Mary H

    Haven't read this yet, just combatting an absurd rating from someone else who has certainly not read it. Will update when I've actually read it.

  6. 4 out of 5

    Madalyn (Novel Ink)

    Wow. Wowowowow. I think this book made my brain explode a little bit, but in a good way? So much to think about after finishing this one. I’ll write more of a review once I process my thoughts better, but for now: preorder this one. Nic never disappoints, but she REALLY did something great with Jackpot.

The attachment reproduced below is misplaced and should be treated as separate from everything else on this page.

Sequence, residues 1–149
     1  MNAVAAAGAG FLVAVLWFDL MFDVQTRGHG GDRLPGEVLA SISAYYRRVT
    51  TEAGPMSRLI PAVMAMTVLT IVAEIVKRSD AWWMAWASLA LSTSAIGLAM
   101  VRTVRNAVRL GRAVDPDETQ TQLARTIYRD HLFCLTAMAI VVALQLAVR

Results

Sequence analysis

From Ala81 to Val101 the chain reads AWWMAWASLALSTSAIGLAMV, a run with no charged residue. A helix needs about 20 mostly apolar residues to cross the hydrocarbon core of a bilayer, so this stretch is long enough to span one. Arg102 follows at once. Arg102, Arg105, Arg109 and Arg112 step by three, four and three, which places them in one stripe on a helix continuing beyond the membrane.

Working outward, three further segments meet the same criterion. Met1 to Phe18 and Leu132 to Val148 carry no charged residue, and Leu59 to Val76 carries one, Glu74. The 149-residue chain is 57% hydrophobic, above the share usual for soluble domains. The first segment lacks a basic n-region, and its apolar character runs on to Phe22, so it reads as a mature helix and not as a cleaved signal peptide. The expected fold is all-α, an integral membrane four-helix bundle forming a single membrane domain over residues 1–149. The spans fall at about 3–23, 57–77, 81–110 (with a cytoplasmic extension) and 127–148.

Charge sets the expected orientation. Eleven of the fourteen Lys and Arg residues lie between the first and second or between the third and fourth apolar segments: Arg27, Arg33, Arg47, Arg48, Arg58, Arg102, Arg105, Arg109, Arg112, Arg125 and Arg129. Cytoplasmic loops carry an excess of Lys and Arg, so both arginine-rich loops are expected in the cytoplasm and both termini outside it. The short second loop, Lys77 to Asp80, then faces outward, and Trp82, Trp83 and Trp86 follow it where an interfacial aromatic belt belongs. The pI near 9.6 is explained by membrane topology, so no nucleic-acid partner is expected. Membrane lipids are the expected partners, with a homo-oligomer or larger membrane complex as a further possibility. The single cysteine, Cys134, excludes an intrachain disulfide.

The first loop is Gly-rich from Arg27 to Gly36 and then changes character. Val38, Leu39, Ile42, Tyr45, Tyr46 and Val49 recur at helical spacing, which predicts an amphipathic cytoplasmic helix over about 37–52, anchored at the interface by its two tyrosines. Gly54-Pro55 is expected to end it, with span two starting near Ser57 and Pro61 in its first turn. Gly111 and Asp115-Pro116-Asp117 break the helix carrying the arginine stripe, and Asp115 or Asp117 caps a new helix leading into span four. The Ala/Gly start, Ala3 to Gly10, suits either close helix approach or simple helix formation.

7. 5 out of 5

    Kate (GirlReading)

    ooh this was so great! the writing style, the characters, the plot, the pace, the discussions of race, money and privilege, the mystery, the romance, the relationships, the chapter structure; it was all brilliantly addictive and made it incredibly easy to highly recommend. I’m still slightly unsure about how I feel about the ending but other than that, this was a fantastic book and one I enjoyed each and every moment reading.

  8. 4 out of 5

    Bookphenomena (Micky)